When it comes to big tech – how big is too big?
That’s the question a number of state officials are asking, as they look into possible anti-trust violations by Google.
And it’s not the only tech giant that some think should be cut down to size.
CGTN’s Hendrik Sybrandy reports.
As Texas’ Attorney General puts it, “now, more than ever, information is power and perhaps the most important source of information in our lives is the internet.”
When most people think of the internet, he said, they no doubt think of Google.
“Your lifeblood, my lifeblood, is searching on Google,” said John Holcomb, who teaches business ethics and law at the University of Denver’s Daniels College of Business.
He said Google has become so dominant in digital search and advertising that its critics claim the company features some products and web sites to the disadvantage of other application software and other companies that want to advertise on Google.
There’s evidence, four dozen U.S. attorneys general argue, that Google has controlled the flow of online information, stifled innovation and undermined consumer choice. They’re investigating the company for antitrust violations and reportedly met in Denver recently to discuss next steps.
“The search result invariably is laden with Google-related goods, services and those who pay Google,” said D.C. Attorney General Karl Racine recently. “That’s a very different model than that model with which they began.”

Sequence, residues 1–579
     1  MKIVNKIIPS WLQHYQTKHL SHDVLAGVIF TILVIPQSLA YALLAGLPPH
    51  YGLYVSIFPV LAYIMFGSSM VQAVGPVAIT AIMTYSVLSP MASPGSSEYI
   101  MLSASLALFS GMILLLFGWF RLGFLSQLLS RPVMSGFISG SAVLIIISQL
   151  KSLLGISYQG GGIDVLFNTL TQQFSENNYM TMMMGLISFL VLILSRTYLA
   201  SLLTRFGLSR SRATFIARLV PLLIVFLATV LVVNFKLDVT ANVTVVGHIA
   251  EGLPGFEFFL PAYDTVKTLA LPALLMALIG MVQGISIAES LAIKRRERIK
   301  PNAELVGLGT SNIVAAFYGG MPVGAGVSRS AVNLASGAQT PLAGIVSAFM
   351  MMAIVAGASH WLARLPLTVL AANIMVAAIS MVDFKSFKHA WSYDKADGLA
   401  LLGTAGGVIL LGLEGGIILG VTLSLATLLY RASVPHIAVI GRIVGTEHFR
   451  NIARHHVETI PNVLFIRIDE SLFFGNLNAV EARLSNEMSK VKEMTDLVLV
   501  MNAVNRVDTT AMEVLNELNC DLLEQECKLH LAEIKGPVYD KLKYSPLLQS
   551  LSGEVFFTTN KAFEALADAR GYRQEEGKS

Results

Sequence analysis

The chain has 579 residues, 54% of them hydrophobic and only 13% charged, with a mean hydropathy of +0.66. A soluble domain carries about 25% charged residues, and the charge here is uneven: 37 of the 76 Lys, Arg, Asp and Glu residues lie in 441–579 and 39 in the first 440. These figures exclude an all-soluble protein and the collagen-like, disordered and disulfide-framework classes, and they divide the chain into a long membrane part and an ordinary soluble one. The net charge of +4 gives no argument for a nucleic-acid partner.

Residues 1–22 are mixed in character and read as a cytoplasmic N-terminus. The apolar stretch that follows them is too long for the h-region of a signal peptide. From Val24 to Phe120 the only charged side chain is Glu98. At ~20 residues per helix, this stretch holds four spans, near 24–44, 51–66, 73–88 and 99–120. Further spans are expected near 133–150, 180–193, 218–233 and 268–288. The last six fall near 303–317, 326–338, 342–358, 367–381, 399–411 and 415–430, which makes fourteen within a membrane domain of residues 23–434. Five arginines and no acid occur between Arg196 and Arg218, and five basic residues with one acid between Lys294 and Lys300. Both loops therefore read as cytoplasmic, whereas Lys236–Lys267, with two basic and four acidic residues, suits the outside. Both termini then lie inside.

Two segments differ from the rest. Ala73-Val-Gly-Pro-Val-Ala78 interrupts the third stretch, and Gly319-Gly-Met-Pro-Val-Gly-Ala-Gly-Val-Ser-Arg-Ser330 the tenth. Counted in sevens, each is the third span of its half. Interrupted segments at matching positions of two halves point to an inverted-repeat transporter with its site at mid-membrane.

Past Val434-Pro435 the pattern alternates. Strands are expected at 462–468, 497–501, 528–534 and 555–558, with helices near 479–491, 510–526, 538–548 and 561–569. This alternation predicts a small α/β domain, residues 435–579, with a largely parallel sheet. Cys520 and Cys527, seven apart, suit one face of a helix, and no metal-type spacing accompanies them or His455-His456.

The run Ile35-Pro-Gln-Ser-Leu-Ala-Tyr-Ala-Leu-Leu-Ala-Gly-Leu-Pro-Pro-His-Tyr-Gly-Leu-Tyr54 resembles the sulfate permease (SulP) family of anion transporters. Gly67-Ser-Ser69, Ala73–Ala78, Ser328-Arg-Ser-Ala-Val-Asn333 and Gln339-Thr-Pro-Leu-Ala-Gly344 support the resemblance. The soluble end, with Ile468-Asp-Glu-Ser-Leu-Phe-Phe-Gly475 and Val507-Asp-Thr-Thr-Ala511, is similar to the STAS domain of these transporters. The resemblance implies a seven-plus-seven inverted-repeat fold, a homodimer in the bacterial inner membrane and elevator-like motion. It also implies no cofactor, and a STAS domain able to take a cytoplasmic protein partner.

A similar investigation is now being conducted into Facebook, which, like Google, is being examined for possibly mishandling its users’ private data. Other tech titans are under the legal microscope too.
“If these guys are able to collect the data and there’s no sort of recourse if it’s not protected or if they proactively go out and sell it, that’s where regulators are concerned,” said Whitney Traylor who teaches business law at Metropolitan State University of Denver.
U.S. antitrust laws were first enacted to promote competition for the benefit of consumers. Now members of both political parties, at the state and federal level, are looking into whether tech giants, like the so-called Big Four (Google, Facebook, Apple and Amazon), have amassed so much market power that they’re monopolies squashing competition.
“When you have bipartisan agreement to go after some of these companies, then you’re in real trouble,” Holcomb pointed out.
There’s debate about whether current antitrust laws are adequate for the new tech age or whether stronger ones are needed. Some believe tech giants should be broken up to boost competition and level the playing field which Holcomb thinks could actually benefit the Big Four.
“If the analysts are right that this will unlock value for stockholders, is it necessarily going to have a downside effect on consumers?” he asked. “I would expect not.”
Last week, Google demanded investigators provide safeguards for sensitive business documents that it’s been asked to turn over.
“They’re fighting back,” Holcomb said. “Everybody’s going to fight back.”
Years of litigation may lie ahead, or “It can be everybody coming to an agreement and there’ll be a lot of energy put towards that effort,” Traylor said.
As much energy as consumers spend on services like Google Search? We’ll see.
“They’re going to walk over coals before they give that up,” Holcomb said.